What’s so wrong with that nice Mr Corbyn? I like allotments. I like North London. Well, in the first place, as was said about Tsar Nicholas II, he’s not fit to run a village post office – just imagine Diane Abbott doing the figures. But if only it were incompetence alone. Some of Corbyn’s fans are simply naïve, but he, his circle, and some of his followers are genuinely venal. Later, I will summon up other ghosts; for now, let’s remember the delights of Lenin, Trotsky and Stalin, or the currently all too extant Seumas Milne and John McDonnell. The thought of the great offices of state being occupied by Corbyn, Abbott, Thornberry and McDonnell (who, as Daniel Finklestein pointed out, is worst of all) is one to chill the bones of any sensible analyst.
In part it’s personal. I recall one Corbynista stating that that Labour had, under Blair, won the support of the wrong kind of voter. My Nan was Tory, and my mother voted Tory in 1979; had she not been living in Ireland she would have voted Labour in 1997, but not before: the wrong sort of voter. The Labour left, frankly, patronised – and still patronise – working class voters as dupes, fooled by a Murdoch press into betraying the working class. My mum, or my Tory grandmother and millions like them were never dupes.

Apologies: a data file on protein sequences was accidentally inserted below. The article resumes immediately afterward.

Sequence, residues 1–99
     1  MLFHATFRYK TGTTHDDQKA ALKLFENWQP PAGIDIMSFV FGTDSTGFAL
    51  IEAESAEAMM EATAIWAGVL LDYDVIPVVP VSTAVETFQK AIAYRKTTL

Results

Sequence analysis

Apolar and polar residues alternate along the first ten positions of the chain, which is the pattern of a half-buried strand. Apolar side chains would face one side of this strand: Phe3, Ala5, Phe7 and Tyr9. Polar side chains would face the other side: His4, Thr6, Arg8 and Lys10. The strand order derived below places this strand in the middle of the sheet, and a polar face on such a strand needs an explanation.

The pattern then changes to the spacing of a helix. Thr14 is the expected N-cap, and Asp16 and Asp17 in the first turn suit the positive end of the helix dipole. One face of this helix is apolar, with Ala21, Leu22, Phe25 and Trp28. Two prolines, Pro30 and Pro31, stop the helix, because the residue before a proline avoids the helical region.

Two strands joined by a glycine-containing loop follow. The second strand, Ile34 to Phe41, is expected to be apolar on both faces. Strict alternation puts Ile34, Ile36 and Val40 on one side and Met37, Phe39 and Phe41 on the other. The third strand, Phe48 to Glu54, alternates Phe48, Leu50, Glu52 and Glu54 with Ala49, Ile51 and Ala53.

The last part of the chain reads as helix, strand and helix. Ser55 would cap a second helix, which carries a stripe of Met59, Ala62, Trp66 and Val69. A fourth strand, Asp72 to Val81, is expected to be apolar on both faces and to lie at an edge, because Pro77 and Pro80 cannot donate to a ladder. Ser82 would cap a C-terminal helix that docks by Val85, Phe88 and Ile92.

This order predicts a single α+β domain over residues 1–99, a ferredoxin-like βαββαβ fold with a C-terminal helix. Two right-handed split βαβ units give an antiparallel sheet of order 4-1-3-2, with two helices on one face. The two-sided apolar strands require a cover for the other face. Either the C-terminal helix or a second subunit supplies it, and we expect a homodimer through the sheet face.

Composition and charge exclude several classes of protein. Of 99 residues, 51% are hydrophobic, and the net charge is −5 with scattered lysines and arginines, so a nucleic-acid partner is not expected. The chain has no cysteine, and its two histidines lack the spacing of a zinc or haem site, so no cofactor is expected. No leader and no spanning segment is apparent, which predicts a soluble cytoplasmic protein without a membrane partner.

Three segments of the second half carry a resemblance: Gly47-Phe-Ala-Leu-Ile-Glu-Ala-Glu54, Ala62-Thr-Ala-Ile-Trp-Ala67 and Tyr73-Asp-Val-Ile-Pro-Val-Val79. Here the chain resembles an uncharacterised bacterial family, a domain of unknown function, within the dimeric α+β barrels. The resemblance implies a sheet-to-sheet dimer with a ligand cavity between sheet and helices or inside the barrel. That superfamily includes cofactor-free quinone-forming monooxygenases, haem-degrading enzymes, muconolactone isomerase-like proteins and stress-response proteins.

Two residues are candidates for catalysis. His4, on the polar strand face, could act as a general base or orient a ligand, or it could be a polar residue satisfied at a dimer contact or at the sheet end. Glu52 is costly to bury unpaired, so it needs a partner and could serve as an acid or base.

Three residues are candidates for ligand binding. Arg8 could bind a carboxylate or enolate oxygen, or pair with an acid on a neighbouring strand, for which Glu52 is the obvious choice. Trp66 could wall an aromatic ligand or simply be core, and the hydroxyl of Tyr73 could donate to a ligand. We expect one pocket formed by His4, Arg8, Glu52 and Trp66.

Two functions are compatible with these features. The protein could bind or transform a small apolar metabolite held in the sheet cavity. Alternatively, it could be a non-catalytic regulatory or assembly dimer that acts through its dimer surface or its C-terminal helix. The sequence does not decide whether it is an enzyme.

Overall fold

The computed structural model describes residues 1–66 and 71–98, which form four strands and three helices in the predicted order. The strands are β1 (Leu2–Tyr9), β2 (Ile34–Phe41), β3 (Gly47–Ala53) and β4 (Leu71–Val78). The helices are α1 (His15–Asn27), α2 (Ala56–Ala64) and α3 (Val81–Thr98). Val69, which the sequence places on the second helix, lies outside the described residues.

That’s only the start. Judge a man by his associates. His fellow residues of the 1970/80s London left are bad enough. But it gets far worse. Hamas? Russian and Iranian TV? IRA apologist? No, worse than that: supporter of terrorism, opponent of real peace. Nuclear deterrent? Stop the War? Sucking up to George Galloway? This is the far left I grew up with in the late ‘70s and early ‘80s, with its attachment to the Soviet Union (hello, Seumas Milne), or at least to an idealised version of what it should have been. In Corbyn, it was and is manifested in the idiot savant leftism I learned was so dangerous and futile back in the days of Red Wedge and Billy Bragg. And then did anyone see McDonnell the other day, speaking beneath the Ba’athist and Soviet insignia?
In short, Corbyn et al are unfitted to public office of any sort. All sensible Labour folk know it, but many cannot currently bring themselves to say it outright. I will.